• The first Dork Age is considered to have lasted from Seasons 8 through 16, which saw the first seven seasons' sense of realism in regards to trains and how they work begin to dry up with trains either doing jobs they weren't built to do or defying physics, blatant Merchandise-Driven undertones (such as a near constant stream of one-shot characters made seemingly for the sole reason of promoting a new toy), fan-favorite characters making scarce appearances if not disappearing altogether, Thomas and other major characters undergoing Flanderization, and Idiot Plots aplenty. Most is this is blamed on the showrunner for these several seasons, Sharon Miller, not understanding the series very well, and, needless to say, when she stepped down as showrunner, her successor Andrew Brenner addressed many of the issues that Seasons 8 through 16 had, and the show was brought back down to characterizations, physics, and storylines that made more of an effort to feel more like the first seven seasons. The fanbase rejoiced for a while...
    • ...And then came Season 22, aka. "Big World, Big Adventures!". The series underwent a retool into faster-paced and Denser and Wackier direction that was construed to make the show better compete with other shows like PAW Patrol and, of all shows, Teen Titans Go!. Major mainstay characters like Henry and Edward were unceremoniously shunted off to make room for new cast members. The creators also partnered with the United Nations to promote gender and racial inclusiveness, which included adding two new train characters who replaced Henry and Edward, Nia (an engine from Kenya) and Rebecca, as well as other One-Scene Wonder characters like a pair of gay crewmen in one episode.note  Thomas now speaks directly to the viewers at points, something that had never happened in the series up until now and was seen to unnecessarily introduce Fake Interactivity into the show ala Dora the Explorer. Not only that, but the narrator, an element that had been part of the series since the very first episode in 1984, was axed in favor of the aforementioned Fake Interactivity (though traditional narration remains in spin-off material). Not helping was comments made by the season's new director, Dianna Basso, criticizing fans for not liking the changes and telling them to watch a train documentary if they wanted realistic train situations like the old seasons. The final straw for some was one of the season's first episodes allegedly portraying Gordon as a strawman of these critics. Needless to say, any goodwill the writers had with the fanbase disappeared faster than Gordon can deliver his express on a good day, and a large chunk of the fanbase now believes the show to be past the point of no return, and that it could only return to form if the fans took over.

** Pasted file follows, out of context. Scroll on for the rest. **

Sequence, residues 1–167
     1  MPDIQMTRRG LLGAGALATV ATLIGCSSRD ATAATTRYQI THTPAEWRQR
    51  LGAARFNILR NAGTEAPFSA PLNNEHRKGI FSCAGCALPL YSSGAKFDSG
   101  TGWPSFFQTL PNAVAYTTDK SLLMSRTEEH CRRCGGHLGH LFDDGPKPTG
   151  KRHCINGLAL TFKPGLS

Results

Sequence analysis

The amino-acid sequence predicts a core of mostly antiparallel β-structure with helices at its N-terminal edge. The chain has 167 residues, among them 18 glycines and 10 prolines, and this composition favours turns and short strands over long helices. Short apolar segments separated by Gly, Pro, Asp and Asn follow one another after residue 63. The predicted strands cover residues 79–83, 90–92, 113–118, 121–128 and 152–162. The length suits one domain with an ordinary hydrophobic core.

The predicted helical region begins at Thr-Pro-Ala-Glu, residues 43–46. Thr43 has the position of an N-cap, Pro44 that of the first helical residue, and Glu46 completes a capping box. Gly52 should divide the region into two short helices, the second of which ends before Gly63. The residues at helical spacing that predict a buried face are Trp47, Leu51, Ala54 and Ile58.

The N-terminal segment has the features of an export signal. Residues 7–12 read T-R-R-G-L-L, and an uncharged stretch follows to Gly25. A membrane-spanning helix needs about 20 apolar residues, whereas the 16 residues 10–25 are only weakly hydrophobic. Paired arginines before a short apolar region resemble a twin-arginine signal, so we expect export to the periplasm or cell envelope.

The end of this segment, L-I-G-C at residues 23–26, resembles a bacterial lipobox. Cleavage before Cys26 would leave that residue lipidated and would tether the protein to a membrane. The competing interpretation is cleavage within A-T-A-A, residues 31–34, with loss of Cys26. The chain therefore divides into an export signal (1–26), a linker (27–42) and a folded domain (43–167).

• Very few fans of VeggieTales have much love for the VeggieTales in the House era of the show for a multitude of reasons. One of the first reasons were the change in character designs; the folks at Big Idea felt that the characters' designs now looked antiquated due to being based on how they looked all the way back in 1993, and decided to revamp them. However, the new designs they chose received a severely mixed reception, especially from fans who found the characters' original designs too iconic to change. Then In The House (and its sequel series In The City) properly premiered to a chilly reception. The show was criticized for feeling so much more wacky and hyperactive than the original show to the point that it was seen as detrimental to the show, older characters undergoing Flanderization (especially Larry the Cucumber, who went from the "cool but clumsy co-host" to a childish idiot) while the new characters were unlikable and/or annoying, and in general feeling like the charm that made the original series so beloved was no longer there. It was thought that the poor reception to In The House/City would kill the franchise outright until the franchise won back the crowd with a second reboot in the form of The VeggieTales Show, which brought the series back to something (both in tone and aesthetic) resembling the original show.
  • While the fandom of Winx Club is split on when the quality began to suffer, the years of the Nick deal are generally agreed to be the low point of the series. While Nick started off OK with the preexisting seasons, the general opinion is the quality dropped HARD with Seasons 5 and 6. Nick's abysmal treatment of the show and little to no advertising meant that even if fans wanted to watch the seasons, they weren't able to. Rainbow has tried to shake off the damage done to the series ever since the deal ended. Nowadays, the only things fans tend to look back with fondness of the era is the cast, with Romi Dames as Musa being a particular fan favorite, and the dub of The Secret of the Lost Kingdom which is still widely preferred over the Cinelume dub.
  • South Park: Season 20 is often seen by fans as a low point for the series due to a shift towards Story Arcs rather than self-contained episodes. The main issue was the plot surrounding the 2016 presidential election, which was planned with a Hilary Clinton victory in mind. Due to Donald Trump winning the presidency instead, the arc from that point on had to be entirely rewritten, leading to rushes and Aborted Arcs that couldn't fit in the updated story arc. Since then, the series has abandoned a completely serialized approach (the season finale being deemed "The End Of Serialization As We Know It") and subsequent seasons, while still often having some underlying plots, have returned to a looser state of continuity with episodes better able to stand alone.
  • Gravity Falls: An in-verse example occurs in the episode "Dungeons, Dungeons, And More Dungeons", where Dipper mentions how the creators of the titular D&D expy tried to make it "cooler" in the 90s, giving Evil Sorceror Probabilitor pastel-colored streetwear and a bit of rapping in the commercial the audience is shown, as well as renaming the game "Diggity-Dungeons And All That". If Dipper and Stanford’s reactions are to be believed, that era of the game isn’t fondly remembered.